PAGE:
The ASE Training Managers Council (ASTM) 2018 Benchmark Survey contains some interesting findings to be sure. Some of the results are of course, not so surprising.
For example, some 51.4% of the ‘training consumers” in the survey respondent pool were automotive technicians. An additional 12% were heavy-duty. Equally unsurprising was that 16.3% were shop owners. Perhaps surprising is that 11.7% of training consumers were actually instructors, i.e. trainers taking training.
If you’ve been at this business for a while, you’ll be aware of the seeming contradiction surrounding the training issue: shops complain that they can’t get training while jobbers argue that they can’t get shops to attend.
Certainly this is not always the case, but it persists enough to bear repeating here.
For jobbers the real meat in the ATMC Benchmark survey results is in the training that independent shops are looking for and why they don’t get that training.
Some 75% of technicians say they can’t get the right training, more than half say they can’t get quality training, and just under half say that it costs too much. This should provide some good guidance to jobbers and others looking to schedule training for their shop customers.
Even more important is what professionals at aftermarket shops say are the greatest training needs:
- Electrical/Electronics (53%)
- Hybrid/EV Systems (50%)
- Advanced Engine Performance (48%)
- Automatic Transmission (29%)
- Engine Performance (33%)
- Engine Repair (23%)
You may have noticed some themes here.
- Electrical and electronics systems are clearly a concern;
- Hybrid/EV training ranks as the second greatest training need despite the small percentage of the vehicles in operation that these vehicles make up, which is possibly why the comfort level is so low and the desire for training so high;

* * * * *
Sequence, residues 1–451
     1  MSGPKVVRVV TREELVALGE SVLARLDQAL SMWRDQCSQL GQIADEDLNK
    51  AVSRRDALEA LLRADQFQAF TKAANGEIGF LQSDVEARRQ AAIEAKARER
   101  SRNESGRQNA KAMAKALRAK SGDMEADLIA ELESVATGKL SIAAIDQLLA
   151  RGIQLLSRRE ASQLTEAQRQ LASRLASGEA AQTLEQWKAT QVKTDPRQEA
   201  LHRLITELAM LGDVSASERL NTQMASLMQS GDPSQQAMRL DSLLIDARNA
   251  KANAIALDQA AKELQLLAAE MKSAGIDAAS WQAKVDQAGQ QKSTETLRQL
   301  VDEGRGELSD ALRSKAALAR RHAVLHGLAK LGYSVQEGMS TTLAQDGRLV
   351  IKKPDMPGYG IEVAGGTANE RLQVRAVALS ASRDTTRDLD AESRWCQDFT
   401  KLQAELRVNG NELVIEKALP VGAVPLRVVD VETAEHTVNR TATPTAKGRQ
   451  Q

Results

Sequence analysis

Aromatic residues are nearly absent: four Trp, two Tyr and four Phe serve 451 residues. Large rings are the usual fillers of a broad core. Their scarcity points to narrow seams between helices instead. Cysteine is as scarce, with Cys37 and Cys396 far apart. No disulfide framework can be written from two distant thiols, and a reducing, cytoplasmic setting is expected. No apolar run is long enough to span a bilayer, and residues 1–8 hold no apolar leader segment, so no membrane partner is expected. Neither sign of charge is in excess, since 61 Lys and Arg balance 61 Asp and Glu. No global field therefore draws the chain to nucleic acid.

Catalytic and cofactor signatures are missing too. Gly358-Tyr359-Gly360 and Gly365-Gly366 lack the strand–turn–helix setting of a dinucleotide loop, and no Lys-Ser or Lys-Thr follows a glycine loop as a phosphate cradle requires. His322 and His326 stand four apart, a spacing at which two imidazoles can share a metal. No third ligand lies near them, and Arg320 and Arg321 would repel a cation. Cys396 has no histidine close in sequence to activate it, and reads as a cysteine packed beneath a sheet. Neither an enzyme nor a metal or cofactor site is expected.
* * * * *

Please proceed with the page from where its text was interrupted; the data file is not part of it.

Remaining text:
- Underhood systems training dominates the list.
It should be clear that what you should not be doing is deciding on training based solely on what your largest or most profitable categories are. As much as we do know that there are training gaps across many categories, only 11% of techs in the survey identified a need in brake training. Steering and suspension rang in at a lowly 14%. Perhaps they’re getting all the training they need on those; perhaps they feel they don’t need any.
Either way, if you’re looking to plan some training for your shop customers, and possibly set yourself apart from the crowd, make sure that the top categories of training wanted serve as the cornerstone of your programs, even if you need to a short segment on a specific brake system, chassis, ride control, or other topic area that you have noticed a training shortfall through higher warranty returns than average or other feedback.
If you have trouble getting customers to come to training, maybe its because you’re offering the training you think they need, instead of the training they want.—Andrew Ross, Publisher and Director of Content
Want to see the whole survey? Check it out at ATMC 2018 Benchmark Survey.